Georgetown is subject to its share of popular but wrong myths. None is more prevalent — or wrong — as the myth that resident opposition to a Metro stop is why there’s no station here. It persists as a myth because it comports with what a lot of people think about Georgetowners (and in turn reinforces those opinions).

Well, GM has noticed another myth is starting to take hold: that the oppressive design review of the Old Georgetown Board is why it took the Apple Store two years to open in Georgetown.

Like many myths, there is a kernel of truth at the heart of it. Namely, it is true that it took Apple a long time to get design approval for the new building. But first of all, it didn’t take two years, it took 19 months. The first design was submitted for review in September 2007 and the final design was approved in March 2009. But, yes, a year and a half is rather a long time to get design approval.

But whose fault was the delay?

The Old Georgetown Board rejected Apple’s first design, expressing concern over the wall of unbroken windows that would be presented to the street. The focus was on scale, not necessarily style. The board simply thought a wall of glass with no articulation (i.e., window frames, transoms, etc.) was too inconsistent with the buildings around it. They even encouraged Apple to submit a modern design, just one that addressed this concern.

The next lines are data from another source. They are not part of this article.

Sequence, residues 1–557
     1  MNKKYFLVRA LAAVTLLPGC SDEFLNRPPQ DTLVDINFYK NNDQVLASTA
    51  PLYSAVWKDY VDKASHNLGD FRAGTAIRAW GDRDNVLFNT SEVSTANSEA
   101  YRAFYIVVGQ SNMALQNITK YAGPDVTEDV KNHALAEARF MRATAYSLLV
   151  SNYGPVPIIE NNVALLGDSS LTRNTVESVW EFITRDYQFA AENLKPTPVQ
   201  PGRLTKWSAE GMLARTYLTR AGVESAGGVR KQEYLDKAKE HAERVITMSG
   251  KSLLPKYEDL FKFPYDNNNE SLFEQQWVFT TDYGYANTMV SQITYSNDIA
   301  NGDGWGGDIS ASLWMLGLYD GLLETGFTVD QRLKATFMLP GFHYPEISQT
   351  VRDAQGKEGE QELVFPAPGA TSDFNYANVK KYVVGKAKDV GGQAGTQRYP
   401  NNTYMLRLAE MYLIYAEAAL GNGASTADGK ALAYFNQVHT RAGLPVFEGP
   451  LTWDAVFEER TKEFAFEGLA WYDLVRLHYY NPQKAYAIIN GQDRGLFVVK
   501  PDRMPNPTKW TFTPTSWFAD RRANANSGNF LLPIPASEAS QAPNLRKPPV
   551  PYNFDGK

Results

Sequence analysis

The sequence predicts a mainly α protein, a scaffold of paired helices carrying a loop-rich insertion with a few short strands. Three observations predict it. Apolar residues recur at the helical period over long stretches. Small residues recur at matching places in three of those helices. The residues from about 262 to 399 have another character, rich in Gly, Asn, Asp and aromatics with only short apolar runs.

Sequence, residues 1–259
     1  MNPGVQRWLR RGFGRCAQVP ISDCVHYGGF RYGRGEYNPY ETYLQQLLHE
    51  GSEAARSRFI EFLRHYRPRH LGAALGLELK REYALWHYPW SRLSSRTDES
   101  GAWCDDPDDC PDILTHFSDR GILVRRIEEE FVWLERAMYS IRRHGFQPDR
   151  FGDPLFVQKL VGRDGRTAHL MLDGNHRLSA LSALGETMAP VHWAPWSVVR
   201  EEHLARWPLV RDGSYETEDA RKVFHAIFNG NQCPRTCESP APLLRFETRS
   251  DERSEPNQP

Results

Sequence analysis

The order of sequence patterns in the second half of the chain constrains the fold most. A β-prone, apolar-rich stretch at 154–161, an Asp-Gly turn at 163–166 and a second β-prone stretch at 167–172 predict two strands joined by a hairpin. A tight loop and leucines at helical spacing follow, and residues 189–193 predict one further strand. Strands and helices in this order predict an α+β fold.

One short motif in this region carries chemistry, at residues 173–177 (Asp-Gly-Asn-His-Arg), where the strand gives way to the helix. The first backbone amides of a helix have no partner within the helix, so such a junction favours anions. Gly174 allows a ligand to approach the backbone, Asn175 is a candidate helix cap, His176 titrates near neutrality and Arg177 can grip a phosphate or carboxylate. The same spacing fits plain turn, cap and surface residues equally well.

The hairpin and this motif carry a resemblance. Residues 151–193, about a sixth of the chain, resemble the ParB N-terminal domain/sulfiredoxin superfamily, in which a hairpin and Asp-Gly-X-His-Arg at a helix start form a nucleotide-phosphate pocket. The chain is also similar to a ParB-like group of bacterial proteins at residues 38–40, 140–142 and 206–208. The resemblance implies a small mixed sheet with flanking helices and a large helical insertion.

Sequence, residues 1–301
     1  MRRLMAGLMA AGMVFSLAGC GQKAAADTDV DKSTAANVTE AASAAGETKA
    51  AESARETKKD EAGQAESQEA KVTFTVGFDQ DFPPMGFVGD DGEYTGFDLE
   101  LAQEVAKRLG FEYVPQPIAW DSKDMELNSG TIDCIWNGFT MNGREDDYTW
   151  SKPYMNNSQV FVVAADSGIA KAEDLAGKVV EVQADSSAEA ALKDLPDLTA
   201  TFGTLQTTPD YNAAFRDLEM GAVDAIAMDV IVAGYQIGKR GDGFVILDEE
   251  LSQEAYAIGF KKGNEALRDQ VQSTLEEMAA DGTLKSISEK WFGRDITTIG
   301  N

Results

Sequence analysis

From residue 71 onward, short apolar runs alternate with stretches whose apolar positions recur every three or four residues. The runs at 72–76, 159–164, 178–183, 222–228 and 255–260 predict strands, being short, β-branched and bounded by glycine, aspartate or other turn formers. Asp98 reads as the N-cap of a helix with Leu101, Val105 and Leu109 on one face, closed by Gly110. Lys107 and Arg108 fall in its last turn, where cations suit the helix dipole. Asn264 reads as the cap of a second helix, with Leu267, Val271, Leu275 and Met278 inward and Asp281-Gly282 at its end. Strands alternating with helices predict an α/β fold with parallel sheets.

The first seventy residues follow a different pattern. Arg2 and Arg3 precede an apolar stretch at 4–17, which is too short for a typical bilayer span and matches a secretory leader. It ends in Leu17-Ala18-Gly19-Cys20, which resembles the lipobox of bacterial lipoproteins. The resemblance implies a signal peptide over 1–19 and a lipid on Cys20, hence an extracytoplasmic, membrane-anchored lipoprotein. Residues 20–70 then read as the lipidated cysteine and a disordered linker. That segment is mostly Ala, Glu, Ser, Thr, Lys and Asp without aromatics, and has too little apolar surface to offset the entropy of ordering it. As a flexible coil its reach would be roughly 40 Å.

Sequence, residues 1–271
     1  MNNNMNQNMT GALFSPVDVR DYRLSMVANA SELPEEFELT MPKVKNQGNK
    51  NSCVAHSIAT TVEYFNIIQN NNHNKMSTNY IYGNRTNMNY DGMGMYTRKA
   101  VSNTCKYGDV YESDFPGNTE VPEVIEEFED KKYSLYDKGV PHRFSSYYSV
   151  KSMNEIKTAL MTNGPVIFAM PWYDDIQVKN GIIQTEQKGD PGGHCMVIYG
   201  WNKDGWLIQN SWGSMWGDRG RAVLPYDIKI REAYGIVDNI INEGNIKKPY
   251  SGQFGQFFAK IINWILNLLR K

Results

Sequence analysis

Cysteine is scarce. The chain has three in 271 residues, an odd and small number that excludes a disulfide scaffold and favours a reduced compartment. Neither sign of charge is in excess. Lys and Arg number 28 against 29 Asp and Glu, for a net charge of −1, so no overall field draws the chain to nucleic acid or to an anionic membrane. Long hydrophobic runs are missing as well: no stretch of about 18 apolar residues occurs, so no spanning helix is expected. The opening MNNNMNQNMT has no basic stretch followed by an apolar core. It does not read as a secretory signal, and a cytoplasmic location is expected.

It wasn’t a flat-out no, it was simply a request to make some tweaks to the design. Maybe you disagree with that request, but so long as you want any sort of design review of construction in a historic neighborhood, you’ve got to accept that you might not always agree with the design reviewers. (And if you think Georgetown would be better off with no design review, check out this monstrosity in Glover Park and ask whether you’d like to see that in Georgetown).

Besides, this request didn’t need to add materially to the length of the review process. Apple could have come back next month with some options to appease the OGB. But they didn’t.

They waited.

And waited.

It wasn’t until nine months later that Apple came back with new designs. And rather than make a few tweaks, they came back with an ice cube:

[Continue reading Topher Mathews’s post here at The Georgetown Metropolitan.]

Topher Mathews blogs at The Georgetown Metropolitan . The Local Blog Network is a group of bloggers from around the D.C. region who have agreed to make regular contributions to All Opinions Are Local.